Project Title: Plant Pathogen Dispersal and Infection on a Fragmented Landscape: Effects of Changing Scales and Uncertainty
This project is awarded under the Postdoctoral Research Fellowships in Biological Informatics Program for 2006. Landscape structure can greatly affect how plant pathogens disperse in space and time, which creates tremendous challenges to developing and validating pest risk assessment models. Using Asian soybean rust (Phakospora pachyrhizi) (ASR) as a model system, the effects of a fragmented landscape and environmental variability on pathogen dispersal will be studied and the uncertainty when incorporating data obtained from different scales will be modeled. Research objectives for this fellowship include: (1) to apply modern simulation techniques to study ecological and plant pathological questions, (2) to increase my theoretical knowledge of uncertainty and scale and its affects on pest risk assessment, and (3) to integrate Bayesian data methods and landscape ecology into studying pathogen detection and dispersal processes.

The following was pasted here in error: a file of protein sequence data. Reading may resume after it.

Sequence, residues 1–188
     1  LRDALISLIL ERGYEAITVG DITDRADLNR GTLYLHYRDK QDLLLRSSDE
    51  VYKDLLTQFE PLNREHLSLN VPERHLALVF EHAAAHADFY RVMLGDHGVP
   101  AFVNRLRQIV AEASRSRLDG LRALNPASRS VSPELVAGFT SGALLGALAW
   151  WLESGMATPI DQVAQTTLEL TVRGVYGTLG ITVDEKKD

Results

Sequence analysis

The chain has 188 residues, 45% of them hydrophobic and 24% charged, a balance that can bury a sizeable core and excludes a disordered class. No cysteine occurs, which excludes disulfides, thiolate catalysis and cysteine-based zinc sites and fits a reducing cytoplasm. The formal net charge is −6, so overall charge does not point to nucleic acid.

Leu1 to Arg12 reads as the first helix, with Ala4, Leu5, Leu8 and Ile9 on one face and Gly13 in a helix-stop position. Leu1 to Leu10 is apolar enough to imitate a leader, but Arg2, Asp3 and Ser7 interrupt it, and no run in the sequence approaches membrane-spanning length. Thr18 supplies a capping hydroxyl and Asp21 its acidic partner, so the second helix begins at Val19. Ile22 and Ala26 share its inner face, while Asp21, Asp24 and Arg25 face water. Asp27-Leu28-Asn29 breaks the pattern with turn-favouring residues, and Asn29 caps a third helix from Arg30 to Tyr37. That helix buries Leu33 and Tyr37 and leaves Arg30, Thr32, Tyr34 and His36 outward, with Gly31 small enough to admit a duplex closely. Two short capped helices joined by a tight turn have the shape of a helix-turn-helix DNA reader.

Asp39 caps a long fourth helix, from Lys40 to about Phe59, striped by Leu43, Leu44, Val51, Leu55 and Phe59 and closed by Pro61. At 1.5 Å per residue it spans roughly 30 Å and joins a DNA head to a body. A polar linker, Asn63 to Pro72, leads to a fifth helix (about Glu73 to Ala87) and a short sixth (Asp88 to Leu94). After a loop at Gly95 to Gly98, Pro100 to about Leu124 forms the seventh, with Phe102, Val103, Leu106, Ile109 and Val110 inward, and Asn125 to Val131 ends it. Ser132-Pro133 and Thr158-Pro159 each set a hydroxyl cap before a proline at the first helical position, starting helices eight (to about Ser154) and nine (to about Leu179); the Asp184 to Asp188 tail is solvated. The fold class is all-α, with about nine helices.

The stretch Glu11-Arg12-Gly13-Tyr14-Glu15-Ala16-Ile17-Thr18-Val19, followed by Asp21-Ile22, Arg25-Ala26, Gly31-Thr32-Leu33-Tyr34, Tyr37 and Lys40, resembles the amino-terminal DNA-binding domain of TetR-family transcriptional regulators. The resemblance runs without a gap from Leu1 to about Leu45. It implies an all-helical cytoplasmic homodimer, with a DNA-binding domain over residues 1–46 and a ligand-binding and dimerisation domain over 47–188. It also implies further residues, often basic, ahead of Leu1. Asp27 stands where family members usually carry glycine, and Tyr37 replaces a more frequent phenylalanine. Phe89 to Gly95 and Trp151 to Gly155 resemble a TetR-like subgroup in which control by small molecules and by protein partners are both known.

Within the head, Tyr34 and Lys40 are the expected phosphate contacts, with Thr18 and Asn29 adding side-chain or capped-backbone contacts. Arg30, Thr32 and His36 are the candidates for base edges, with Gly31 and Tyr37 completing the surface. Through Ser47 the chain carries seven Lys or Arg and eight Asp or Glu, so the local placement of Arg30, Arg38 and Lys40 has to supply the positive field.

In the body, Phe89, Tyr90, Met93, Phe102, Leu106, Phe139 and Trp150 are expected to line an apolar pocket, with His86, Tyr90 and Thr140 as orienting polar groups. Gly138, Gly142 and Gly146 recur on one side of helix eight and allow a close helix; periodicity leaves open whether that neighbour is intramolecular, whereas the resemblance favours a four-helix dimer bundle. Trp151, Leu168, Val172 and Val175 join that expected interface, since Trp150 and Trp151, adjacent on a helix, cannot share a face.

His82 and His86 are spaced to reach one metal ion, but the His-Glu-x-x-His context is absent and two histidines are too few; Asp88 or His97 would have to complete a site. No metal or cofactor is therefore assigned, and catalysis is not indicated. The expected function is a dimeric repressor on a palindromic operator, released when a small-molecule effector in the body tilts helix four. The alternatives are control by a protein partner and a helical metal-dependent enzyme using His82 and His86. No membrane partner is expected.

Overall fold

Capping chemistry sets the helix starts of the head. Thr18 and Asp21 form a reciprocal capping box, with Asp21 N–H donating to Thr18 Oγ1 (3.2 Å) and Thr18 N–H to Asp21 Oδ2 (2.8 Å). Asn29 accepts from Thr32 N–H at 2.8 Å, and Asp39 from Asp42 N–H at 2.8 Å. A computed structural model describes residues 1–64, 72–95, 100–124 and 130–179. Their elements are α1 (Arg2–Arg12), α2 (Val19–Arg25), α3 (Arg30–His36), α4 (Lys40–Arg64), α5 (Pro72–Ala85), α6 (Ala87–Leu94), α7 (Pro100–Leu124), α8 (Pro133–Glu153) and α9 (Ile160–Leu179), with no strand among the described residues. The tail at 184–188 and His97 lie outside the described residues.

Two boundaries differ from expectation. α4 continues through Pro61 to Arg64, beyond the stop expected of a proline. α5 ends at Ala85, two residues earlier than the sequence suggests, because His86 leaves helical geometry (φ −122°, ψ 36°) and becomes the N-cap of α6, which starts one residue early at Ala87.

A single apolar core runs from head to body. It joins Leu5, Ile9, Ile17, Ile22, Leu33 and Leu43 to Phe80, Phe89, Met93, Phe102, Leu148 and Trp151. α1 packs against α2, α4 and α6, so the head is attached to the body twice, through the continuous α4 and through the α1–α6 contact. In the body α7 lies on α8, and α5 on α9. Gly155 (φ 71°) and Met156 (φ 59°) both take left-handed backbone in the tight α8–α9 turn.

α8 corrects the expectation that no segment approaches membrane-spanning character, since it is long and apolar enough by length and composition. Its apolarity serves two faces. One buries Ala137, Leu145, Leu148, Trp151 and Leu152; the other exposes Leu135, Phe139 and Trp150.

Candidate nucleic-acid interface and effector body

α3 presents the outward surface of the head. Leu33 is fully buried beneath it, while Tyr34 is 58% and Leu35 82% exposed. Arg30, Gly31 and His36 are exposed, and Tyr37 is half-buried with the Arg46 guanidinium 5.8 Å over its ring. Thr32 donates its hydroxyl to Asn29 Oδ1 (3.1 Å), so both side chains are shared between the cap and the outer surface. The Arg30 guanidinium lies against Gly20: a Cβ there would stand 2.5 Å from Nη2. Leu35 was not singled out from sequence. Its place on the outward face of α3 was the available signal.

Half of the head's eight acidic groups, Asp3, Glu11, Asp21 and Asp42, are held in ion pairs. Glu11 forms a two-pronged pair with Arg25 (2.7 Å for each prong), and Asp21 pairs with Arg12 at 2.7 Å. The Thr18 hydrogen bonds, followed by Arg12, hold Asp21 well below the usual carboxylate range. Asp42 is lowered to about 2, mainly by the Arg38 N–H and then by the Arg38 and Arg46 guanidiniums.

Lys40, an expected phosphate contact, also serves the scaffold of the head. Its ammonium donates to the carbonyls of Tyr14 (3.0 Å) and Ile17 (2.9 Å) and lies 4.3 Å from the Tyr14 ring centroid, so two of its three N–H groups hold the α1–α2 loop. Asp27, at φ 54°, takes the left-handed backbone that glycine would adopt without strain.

As part of this training fellowship, research, teaching, and professional training will be accomplished in the labs of Karen Garrett, Kansas State University; Emerson Del Ponte, Universidade Federal do Rio Grande Do Sul, Brazil; and Xiao-Bing Yang, Iowa State University. Teaching and professional training objectives include: (1) to develop and teach short course material on plant disease epidemiology in Brazil, (2) to develop short course material on statistical concepts for presentation at professional meetings, and (3) to mentor students participating in internship programs.
|Effective start/end date
|10/1/06 → 9/30/08
- National Science Foundation: $120,000.00